Each such list has suffered a traditional limitation. To prevent falsification or duplication, a single entity must maintain the list, and users must trust (and pay) that entity. As a result, transactions must proceed at significant expense and delay. Yet zero or near-zero transaction costs are the fuel of Internet scalability. Property transactions have not yet truly undergone an Internet revolution at least partly because they are constrained by the cost of creating centralized trusted authorities.
This Article reimagines the contours of digital property if that central constraint were removed. There is every reason to believe it can be. Increased interest in cryptocurrencies has driven the development of a series of technologies for creating public, cryptographically secure ledgers of property interests that do not rely on trust in a specific entity to curate the list. Previously, the digital objects that users could buy and sell online were not rivalrous in the same way as offline physical objects, unless some centralized entity such as a social network, digital currency issuer, or game company served the function of trusted list curator. Trustless public ledgers change this dynamic. Counterparties can hand one another digital, rivalrous objects in the same way that they used to hand each other gold bars or dollar bills. No intermediary or curator is needed.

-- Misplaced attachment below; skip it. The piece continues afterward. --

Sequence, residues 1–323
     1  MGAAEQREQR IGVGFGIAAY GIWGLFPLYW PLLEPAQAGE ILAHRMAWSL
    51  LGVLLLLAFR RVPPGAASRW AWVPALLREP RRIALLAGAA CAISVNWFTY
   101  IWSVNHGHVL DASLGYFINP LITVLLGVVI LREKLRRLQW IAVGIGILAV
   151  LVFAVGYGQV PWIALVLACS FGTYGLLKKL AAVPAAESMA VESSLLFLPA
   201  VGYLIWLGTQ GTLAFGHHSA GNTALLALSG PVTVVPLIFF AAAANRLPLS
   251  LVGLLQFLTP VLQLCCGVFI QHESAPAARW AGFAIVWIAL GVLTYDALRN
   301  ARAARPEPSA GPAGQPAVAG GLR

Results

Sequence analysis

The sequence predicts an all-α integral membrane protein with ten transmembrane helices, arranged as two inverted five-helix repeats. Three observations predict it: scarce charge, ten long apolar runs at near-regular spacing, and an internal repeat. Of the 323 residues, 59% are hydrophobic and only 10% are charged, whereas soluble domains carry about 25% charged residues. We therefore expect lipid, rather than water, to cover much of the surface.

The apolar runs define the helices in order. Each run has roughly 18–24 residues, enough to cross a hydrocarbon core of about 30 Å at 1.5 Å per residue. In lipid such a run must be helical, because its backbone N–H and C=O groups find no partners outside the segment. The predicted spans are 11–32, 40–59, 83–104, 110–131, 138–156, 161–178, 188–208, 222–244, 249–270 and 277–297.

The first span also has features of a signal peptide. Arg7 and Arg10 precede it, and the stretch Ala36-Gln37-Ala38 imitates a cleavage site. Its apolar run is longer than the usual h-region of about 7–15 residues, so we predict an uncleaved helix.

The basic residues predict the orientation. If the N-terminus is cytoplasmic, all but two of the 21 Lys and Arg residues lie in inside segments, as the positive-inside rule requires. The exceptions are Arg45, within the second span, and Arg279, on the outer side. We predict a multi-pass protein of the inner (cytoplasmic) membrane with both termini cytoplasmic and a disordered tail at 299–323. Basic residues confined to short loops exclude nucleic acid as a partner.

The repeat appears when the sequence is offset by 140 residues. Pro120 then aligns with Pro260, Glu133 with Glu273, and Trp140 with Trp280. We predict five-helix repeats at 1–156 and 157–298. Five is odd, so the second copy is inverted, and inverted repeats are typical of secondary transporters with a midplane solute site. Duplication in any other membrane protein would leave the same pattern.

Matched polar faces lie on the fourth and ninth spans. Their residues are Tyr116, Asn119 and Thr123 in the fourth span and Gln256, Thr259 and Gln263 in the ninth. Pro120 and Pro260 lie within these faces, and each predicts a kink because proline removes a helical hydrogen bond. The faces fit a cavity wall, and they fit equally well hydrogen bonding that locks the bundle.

In the last several decades, the legal academy has devoted a great deal of attention to developing a cogent definition of “property.” During this period, scholars have grappled with the related question of how intellectual property rights – namely, patents, copyrights, trademarks, and trade secrets – fit within emergent property theories. By and large, the academy has concluded that intellectual property qualifies as “property” under all of the relevant analytical rubrics.
As expected, both policy makers and the judiciary have drawn upon the theoretical categorization of intellectual property as “property” when fashioning the normative rules that govern the recognition, allocation, and protection of intellectual property rights. In many instances, traditional property law concepts have been imported into intellectual property law with little or no consideration given to the theoretical and utilitarian distinctiveness of intellectual property. Nowhere is this wholesale importation – and its shortcomings – more apparent than in the law governing sentencing for federal crimes involving the violation of intellectual property rights.
The role of the Takings Clause of the Fifth Amendment in requiring compensation for government actions that treat landowners unequally is seldom explored. This is remarkable given that the Supreme Court has said for more than a century that the Takings Clause “prevents the public from loading upon one individual more than his just share of the burdens of government, and says that when he surrenders to the public something more and different from that which is exacted from other members of the public, a full and just equivalent shall be returned to him.”
One might infer from this description of the Fifth Amendment that the regulatory takings doctrine should have developed as a comparative right (a species of equal protection law)—a right to be treated legally the same as other property owners in a community, or to receive compensation when differential treatment is justified. Indeed, when the Supreme Court first held that the Fourteenth Amendment incorporated the rule that government may not take private property without just compensation, it relied on the Equal Protection Clause, not the Due Process Clause.